Monday is Memorial Day, a federal holiday remembering and honoring those who died while serving in our Armed Forces. Among other admirable character traits, it’s clear that the cardinal virtue of fortitude is found in those who made the ultimate sacrifice. Fortitude enables one to conquer fear, even fear of death. Courage, bravery, sacrifice. Our servicemen and women embody those powerful words.
More than 1.1 million Americans have died in our wars, including nearly 500,000 during the Civil War. And of course war has been around much longer than America has. Just read any history book (or the Bible). So what, exactly, does the Church have to say about war?
According to the Catechism, “The fifth commandment forbids the intentional destruction of human life. Because of the evils and injustices that accompany all war, the Church insistently urges everyone to prayer and to action so that the divine Goodness may free us from the ancient bondage of war.”
While there is an exception made for a “just war,” the Catechism outlines specific conditions:
- “The damage inflicted by the aggressor on the nation or community of nations must be lasting, grave, and certain;
- All other means of putting an end to it must have been shown to be impractical or ineffective;
- There must be serious prospects of success;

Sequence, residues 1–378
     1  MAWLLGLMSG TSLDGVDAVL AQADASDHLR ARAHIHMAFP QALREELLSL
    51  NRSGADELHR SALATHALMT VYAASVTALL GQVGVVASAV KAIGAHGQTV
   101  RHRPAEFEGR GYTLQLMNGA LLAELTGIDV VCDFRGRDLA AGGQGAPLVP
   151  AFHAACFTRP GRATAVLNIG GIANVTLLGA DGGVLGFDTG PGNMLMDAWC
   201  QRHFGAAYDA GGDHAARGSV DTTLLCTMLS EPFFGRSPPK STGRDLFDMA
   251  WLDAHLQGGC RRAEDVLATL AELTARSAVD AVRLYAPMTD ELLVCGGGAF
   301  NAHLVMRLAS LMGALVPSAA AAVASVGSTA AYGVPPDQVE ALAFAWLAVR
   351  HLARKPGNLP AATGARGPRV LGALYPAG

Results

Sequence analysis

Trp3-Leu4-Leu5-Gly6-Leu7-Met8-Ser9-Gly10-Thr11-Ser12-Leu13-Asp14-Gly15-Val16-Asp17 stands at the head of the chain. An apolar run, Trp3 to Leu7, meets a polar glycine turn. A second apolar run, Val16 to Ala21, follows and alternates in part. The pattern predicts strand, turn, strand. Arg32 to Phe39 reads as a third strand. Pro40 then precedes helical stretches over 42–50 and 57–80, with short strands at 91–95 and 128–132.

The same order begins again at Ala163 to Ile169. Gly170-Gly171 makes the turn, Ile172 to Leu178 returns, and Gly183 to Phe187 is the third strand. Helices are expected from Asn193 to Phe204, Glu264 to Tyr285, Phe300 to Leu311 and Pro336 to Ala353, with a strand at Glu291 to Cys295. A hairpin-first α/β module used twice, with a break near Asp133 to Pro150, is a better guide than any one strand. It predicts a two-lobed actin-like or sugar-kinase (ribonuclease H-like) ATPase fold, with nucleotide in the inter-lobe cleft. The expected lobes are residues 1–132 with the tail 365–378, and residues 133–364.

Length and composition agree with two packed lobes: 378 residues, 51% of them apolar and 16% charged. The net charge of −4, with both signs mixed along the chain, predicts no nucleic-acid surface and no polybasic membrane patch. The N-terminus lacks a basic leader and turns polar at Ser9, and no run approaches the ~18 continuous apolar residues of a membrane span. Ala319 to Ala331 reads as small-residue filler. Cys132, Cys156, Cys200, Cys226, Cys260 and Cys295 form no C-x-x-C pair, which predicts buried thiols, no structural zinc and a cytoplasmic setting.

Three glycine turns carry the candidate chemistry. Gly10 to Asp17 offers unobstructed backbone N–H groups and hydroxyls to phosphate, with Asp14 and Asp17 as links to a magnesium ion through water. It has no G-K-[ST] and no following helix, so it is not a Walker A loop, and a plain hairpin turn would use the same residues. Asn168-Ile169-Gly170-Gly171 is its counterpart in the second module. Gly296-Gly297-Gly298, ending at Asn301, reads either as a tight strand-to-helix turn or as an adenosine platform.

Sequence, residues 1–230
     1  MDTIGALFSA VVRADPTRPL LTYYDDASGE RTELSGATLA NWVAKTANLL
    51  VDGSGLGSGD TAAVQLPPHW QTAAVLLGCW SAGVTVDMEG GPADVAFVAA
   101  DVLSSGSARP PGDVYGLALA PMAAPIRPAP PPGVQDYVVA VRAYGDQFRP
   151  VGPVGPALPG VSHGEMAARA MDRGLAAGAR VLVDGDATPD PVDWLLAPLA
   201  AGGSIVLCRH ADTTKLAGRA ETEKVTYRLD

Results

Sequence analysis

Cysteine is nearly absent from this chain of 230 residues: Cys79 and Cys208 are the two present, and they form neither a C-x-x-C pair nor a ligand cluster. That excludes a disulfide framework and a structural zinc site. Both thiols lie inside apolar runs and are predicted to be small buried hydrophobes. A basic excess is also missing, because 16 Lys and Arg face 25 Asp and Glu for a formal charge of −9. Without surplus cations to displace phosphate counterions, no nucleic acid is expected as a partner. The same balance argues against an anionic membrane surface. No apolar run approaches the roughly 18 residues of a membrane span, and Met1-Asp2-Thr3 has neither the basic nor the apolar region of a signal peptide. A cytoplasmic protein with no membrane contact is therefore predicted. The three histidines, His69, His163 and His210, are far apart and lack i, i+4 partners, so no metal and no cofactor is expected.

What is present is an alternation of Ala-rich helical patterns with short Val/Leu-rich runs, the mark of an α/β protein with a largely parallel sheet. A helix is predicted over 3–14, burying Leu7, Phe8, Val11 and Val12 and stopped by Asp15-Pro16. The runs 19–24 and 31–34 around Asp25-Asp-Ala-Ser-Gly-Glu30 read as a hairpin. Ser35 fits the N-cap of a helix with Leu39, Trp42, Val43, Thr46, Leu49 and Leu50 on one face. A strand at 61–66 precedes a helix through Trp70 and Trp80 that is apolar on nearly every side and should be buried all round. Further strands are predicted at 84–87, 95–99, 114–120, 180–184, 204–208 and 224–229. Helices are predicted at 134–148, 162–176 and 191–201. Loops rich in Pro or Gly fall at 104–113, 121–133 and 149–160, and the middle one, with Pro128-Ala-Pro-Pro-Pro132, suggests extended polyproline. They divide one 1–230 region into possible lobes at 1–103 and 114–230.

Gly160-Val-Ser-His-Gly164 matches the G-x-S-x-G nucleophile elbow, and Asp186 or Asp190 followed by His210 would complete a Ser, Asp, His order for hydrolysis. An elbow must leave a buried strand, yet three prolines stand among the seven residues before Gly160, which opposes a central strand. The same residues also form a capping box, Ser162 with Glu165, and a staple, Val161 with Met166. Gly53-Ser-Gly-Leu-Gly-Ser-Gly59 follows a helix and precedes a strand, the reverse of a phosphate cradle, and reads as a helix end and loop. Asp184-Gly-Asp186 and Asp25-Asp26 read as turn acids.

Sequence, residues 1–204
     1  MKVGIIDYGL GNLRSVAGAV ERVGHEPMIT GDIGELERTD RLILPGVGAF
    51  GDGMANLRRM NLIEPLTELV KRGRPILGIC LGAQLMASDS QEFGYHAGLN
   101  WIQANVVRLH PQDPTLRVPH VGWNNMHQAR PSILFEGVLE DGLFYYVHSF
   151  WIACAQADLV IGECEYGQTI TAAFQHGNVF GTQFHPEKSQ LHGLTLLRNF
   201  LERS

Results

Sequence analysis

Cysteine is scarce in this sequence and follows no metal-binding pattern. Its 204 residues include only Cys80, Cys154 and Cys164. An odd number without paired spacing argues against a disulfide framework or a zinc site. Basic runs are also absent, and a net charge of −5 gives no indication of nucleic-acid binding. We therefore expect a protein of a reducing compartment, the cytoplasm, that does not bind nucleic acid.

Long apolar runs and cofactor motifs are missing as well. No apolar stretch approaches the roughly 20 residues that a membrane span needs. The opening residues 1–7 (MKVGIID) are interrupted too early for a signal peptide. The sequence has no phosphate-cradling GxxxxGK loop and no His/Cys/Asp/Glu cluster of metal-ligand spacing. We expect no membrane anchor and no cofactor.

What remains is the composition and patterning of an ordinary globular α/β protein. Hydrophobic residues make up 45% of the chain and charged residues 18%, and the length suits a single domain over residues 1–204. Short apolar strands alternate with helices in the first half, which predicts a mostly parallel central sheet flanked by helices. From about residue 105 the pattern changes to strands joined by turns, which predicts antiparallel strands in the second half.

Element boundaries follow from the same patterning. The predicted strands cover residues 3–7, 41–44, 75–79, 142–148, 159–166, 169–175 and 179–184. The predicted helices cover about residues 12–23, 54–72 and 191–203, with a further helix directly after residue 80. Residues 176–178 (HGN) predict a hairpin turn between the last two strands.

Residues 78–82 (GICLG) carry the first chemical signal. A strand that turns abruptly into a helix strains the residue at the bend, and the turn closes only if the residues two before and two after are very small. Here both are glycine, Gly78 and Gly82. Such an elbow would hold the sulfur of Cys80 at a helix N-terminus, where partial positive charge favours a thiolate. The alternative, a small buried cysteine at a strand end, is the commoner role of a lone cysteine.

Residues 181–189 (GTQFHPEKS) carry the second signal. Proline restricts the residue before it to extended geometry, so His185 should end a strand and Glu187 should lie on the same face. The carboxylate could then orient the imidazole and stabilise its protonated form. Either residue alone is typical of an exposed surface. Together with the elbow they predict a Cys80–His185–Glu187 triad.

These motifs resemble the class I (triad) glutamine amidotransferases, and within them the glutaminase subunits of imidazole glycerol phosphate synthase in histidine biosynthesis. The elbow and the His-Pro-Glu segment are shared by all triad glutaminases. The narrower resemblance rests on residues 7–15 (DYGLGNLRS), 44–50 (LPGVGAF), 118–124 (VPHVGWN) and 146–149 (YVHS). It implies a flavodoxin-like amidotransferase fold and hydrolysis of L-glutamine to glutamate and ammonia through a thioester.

- The use of arms must not produce evils and disorders graver than the evil to be eliminated. The power of modern means of destruction weighs very heavily in evaluating this condition.”
I’m no theologian, but it seems like the message is to avoid war unless it’s somehow the only option left. And while there can be debate on which of history’s wars have been “just,” something we can all agree on is peace is preferred and should always be the goal. So how do we get there?
It’s become sort of a cliché to “pray for world peace.” When I hear that phrase, I tend to picture a smiling beauty queen trying to wrap up a pageant win. But a couple of years ago when Pope Francis visited the burial ground of the 7,860 American soldiers who died liberating southern Italy and Rome during World War II, he bowed his head and said quietly, “Please Lord, stop. No more wars. No more of these useless massacres.”
Our Holy Father, in his improvised prayer on hallowed ground, showed us that we can and should pray for big things. If we limit ourselves to only what we think is possible, we underestimate God’s power and His love for us.
So on Monday, as we pray for the souls of our fallen heroes, let’s also say a prayer for world peace. A powerful way to do so, of course, is to turn to our Holy Mother and pray the Rosary.
The ideal of universal peace may seem far-fetched and far away in our fallen world. But we know that without prayer, it will be impossible to attain.
- Dana Marascia